CorWave Presents an Unprecedented Chronic In Vivo Study at the 41st Annual Meeting of the International Society of Heart and Lung Transplantation
Paris -- CorWave, a French medical device company committed to the fight against heart failure, unveiled an unprecedented study on the performance of its implantable heart pump at the 41st Annual Meeting of the International Society for Heart and Lung Transplantation (ISHLT). The company presented the first ever study demonstrating sensorless synchronization of a pericardial pump with the native heart for over 30 days. This breakthrough is an important step towards the finalization of the development of CorWave's revolutionary technology.
CorWave unveiled a groundbreaking study on the performance of its novel implantable left ventricular assist device (LVAD) at the ISHLT annual meeting, a leading event in the scientific community, which brings together the world's leading experts in the treatment of advanced heart and lung disease to improve patient care. CorWave is developing an implantable LVAD based on a breakthrough technology, the wave membrane pump. The membrane technology enables the CorWave blood pump to have a wide range of flow conditions, gentle blood propulsion, and to generate physiologic pulsatility, all of which are required to help reduce the adverse events associated with current LVAD technologies.
In the chronic in vivo studies, the CorWave device operated in pulsatile mode by synchronizing with the native heart without the aid of sensors, successfully detecting more than 97% of heartbeats. This achievement represents the first time in the world that a miniaturized, pericardial pump has accomplished this technological feat. The study also confirmed the excellent hemocompatibility of the CorWave LVAD. These results are a major milestone in the development of the CorWave device, confirming the ability to generate physiological and adaptive blood flow to reduce complications and improve the quality of life of patients with heart pumps.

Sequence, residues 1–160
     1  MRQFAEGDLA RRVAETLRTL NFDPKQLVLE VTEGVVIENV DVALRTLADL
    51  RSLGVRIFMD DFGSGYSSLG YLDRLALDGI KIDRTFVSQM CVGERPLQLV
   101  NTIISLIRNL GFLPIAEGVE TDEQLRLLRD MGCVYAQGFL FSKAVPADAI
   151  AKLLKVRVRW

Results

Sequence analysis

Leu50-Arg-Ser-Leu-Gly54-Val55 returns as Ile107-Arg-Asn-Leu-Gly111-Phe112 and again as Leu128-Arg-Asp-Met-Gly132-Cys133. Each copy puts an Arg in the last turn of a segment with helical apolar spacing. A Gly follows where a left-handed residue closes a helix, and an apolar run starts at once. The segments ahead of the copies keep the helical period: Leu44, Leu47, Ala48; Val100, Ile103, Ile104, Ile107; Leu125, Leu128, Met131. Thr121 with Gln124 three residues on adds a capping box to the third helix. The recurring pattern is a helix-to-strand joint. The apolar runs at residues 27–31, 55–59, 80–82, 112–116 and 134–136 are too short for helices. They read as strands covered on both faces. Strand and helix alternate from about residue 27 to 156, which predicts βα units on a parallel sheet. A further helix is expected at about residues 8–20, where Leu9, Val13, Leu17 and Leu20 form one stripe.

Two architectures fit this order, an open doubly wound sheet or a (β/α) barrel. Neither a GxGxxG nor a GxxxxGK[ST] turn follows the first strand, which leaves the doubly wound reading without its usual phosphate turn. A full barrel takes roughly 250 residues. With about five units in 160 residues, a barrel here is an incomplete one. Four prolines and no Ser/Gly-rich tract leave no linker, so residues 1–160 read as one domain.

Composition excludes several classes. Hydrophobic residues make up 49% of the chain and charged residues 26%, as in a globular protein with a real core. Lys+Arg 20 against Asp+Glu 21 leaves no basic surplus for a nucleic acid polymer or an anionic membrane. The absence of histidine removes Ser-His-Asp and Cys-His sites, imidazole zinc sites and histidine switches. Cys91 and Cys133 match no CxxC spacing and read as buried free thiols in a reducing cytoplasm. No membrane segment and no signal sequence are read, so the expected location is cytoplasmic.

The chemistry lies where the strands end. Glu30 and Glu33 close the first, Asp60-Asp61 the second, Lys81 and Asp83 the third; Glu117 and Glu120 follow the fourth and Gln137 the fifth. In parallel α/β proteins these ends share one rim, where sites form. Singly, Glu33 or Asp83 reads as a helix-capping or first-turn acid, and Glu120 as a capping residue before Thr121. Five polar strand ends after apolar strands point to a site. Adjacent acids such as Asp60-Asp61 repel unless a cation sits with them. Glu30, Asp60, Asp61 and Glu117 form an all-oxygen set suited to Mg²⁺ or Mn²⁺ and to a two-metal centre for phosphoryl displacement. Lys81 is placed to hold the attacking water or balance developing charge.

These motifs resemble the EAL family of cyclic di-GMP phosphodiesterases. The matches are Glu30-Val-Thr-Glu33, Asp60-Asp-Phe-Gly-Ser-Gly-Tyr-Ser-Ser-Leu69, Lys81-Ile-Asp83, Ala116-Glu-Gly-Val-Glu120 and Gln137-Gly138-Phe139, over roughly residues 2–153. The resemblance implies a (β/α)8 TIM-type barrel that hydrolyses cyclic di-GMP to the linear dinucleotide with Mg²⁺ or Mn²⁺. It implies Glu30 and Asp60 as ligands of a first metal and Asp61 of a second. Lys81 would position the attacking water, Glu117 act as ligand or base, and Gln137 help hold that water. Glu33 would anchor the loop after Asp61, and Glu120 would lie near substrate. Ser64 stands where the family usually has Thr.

The 30-day results were presented by Trevor Snyder, Senior Director, Translational and Clinical Research at CorWave, who said: “These results, which demonstrate sensorless synchronization of the CorWave pump over several million heartbeats, are unparalleled. By combining this unique capability with exceptional blood compatibility, the CorWave pump offers the hope to dramatically reduce the serious adverse events suffered by LVAD patients with current therapies, while restoring their quality of life and ability to engage in normal daily activities.”
'This study is an important step towards making our next-generation heart pump available to patients with advanced heart failure. Indeed, we demonstrated that our pump is able to work in synchrony with the native heart and can be a game-changer for the LVAD therapy. Congratulations to our team for achieving this milestone in the development of our breakthrough technology. With this study, they are redefining the state of the art in the field of mechanical circulatory support, by succeeding in doing what current devices cannot do,' said Louis de Lillers, CEO of CorWave.
Professor André Vincentelli, MD, Head of the Mechanical Circulatory Support and Transplantation Program at Lille University Hospital and co-author of the communication, commented: 'The success of a pulsatile chronic in vivo study was one of the most awaited results. It is a sign of the maturity of a project whose next step will undoubtedly be the implantation in humans.'
The company announced last January that it had raised €35 million from leading international investors1. This round will allow CorWave to finalize its device, produce implantable heart pumps for medical use and start clinical trials. Further work in line with the study presented at the ISHLT conference will enable CorWave to complete the development of its cardiac pump as well as to start production and clinical trials.
CorWave is a French company that develops innovative cardiac assistance devices. CorWave's wave membrane is a breakthrough technology that differs from today's commercially available left ventricular assist devices (LVADs) by its physiological operation, including the ability to mimic a pulse and blood flow rates similar to those of a healthy heart. Ultimately, CorWave's membrane pump technology is expected to reduce the complications associated with current devices and improve the management of heart failure patients. CorWave was founded in 2012 by start-up studio MD Start and is funded by renowned investors including Bpifrance, EIC Fund, Financière Arbevel, M&L Healthcare, Novo Holdings, Seventure, Sofinnova Partners and Ysios. The company has secured €80 million in equity and non-dilutive financing and employs over fifty people.